THE BLOG
11/21/2016 09:35 am ET Updated Nov 22, 2017

Human Rights Vigilance Committees, A Lesson From America's Past

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The election of Donald Trump and celebration by racist and anti-immigrant alt-right groups has sent waves of fear through many American communities. Jose Antonio Vargas, an immigrant's rights activist and an openly undocumented immigrant to the United States, writing in the New York Times Sunday Review, demanded to know "What will you do when they start rounding us up?"

This is my response to Jose's challenge.

Americans who oppose racial, ethnic, religious, homophobic, and gender bias, bigotry, and hate should take a lesson from the country's past. From the 1830s through the Civil War, Black and White abolitionists formed a network of "vigilance committees" in northern communities to stop slavecatchers from dragging south into slavery kidnapped free Blacks and freedom-seekers who had earlier escaped from bondage. Vigilance Committees mobilized to ensure legal procedures were followed and at times actively intervened to help imprisoned Blacks escape. The vigilance committees also provided freedom-seekers and their families with food, clothing, shelter, money, and work.

It is time for progressive Americans to help the newest generation of freedom-seekers, whether they are immigrants, Muslims, gays, or anyone else exposed to bias and hate. Vigilance Committees must protest, organize, report, demand, intervene, observe, provide legal aid, create sanctuaries, and when necessary, engage in passive resistance. Protest marches and vigils are powerful tools for rallying support, but they are insufficient unless they translate into permanent organization to challenge injustice. Bernie Sanders supporters are now in a battle to take control of the Democratic Party away from Wall Street brokers and technocrats who lose election after election because they are not interested in building a mass progressive movement. Vigilance Committees can be part of the organizational structure of that movement.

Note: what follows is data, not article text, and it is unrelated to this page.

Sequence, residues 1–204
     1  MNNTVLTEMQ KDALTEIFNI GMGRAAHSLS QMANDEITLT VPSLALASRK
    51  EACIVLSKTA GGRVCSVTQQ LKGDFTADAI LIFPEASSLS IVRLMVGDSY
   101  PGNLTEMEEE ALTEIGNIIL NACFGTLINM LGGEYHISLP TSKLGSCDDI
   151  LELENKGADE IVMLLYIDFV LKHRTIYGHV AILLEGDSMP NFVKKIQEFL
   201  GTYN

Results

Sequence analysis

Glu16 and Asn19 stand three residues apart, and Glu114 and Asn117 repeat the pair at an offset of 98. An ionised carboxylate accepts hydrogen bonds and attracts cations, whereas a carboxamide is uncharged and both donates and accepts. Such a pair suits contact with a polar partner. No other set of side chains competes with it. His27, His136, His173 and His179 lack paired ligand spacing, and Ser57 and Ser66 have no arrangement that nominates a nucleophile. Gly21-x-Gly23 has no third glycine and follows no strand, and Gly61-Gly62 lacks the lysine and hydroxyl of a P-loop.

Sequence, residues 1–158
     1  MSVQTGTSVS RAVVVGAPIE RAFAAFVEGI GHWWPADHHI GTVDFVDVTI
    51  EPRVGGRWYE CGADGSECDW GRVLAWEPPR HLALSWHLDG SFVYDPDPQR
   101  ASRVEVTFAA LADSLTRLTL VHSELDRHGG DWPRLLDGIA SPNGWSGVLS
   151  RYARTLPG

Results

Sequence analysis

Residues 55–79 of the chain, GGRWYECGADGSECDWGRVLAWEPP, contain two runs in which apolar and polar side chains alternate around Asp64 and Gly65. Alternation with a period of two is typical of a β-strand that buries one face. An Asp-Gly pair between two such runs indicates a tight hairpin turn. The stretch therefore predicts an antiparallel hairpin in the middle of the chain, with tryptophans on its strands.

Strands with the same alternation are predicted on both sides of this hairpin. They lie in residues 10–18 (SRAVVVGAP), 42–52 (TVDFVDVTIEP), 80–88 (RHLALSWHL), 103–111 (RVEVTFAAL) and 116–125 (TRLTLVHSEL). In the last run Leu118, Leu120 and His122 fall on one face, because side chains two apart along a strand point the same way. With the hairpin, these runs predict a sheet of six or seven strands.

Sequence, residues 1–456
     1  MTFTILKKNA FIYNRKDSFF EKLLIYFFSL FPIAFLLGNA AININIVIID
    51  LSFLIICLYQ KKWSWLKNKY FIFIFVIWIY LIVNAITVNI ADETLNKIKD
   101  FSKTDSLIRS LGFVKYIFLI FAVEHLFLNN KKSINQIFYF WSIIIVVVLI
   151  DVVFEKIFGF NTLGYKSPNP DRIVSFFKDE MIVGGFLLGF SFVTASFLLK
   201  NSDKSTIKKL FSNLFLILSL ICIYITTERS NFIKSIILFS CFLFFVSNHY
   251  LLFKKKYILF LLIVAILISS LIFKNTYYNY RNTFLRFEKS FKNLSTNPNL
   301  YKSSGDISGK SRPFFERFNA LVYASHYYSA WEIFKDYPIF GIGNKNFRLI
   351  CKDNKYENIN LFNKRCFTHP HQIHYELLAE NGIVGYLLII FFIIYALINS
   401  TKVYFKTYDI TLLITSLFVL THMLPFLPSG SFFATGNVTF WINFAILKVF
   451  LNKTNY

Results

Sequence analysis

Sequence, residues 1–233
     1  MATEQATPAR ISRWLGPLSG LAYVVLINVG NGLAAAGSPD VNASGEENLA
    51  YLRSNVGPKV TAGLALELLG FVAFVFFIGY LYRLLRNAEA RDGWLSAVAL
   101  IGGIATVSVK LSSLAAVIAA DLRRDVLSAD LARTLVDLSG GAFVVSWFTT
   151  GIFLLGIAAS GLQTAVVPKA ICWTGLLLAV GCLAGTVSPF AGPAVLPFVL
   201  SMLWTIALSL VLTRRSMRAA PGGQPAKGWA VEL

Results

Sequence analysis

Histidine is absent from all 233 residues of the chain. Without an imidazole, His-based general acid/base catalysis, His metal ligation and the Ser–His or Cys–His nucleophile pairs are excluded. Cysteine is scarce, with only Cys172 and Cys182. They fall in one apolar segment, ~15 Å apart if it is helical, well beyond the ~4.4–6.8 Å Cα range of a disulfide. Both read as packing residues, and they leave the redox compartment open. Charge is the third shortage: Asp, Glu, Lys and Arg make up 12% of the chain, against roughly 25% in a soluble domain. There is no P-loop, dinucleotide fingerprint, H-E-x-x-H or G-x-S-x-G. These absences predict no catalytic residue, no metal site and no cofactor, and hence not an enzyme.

Vigilance Committees would report incidences of injustice to school and local authorities and demand that they respond. Student committees can be a presence in schools by wearing "I support human rights" t-shirts and "safe space" safety pins, by reporting incidents to school officials, and by shouting "STOP" when they see acts of bullying and injustice.

The Southern Poverty Law Center (SPLC) has documented more than 700 incidents of active bigotry since Donald Trump's election; 40 percent of all the incidents occurred in schools. Of these documented incidents, 206 were anti-immigrant, 151 were anti-Black, 80 were anti-gay, 60 were vandalism that involved swastikas, 51 were anti-Muslim, and 36 were attacks on women. SPLC is also keeping track of intolerance directed against Trump supporters; 27 since Election Day or about 4% of the cases. You can report bias incidents on the SPLC website.

There have already been several positive steps to protest injustice and hate. Since the election of Donald Trump there have been waves of protest marches and vigils across the nation.

Over one hundred college and university presidents issued a joint letter to President-elect Donald Trump urging him to forcefully "condemn and work to prevent the harassment, hate and acts of violence that are being perpetrated across our nation, sometimes in your name, which is now synonymous with our nation's highest office."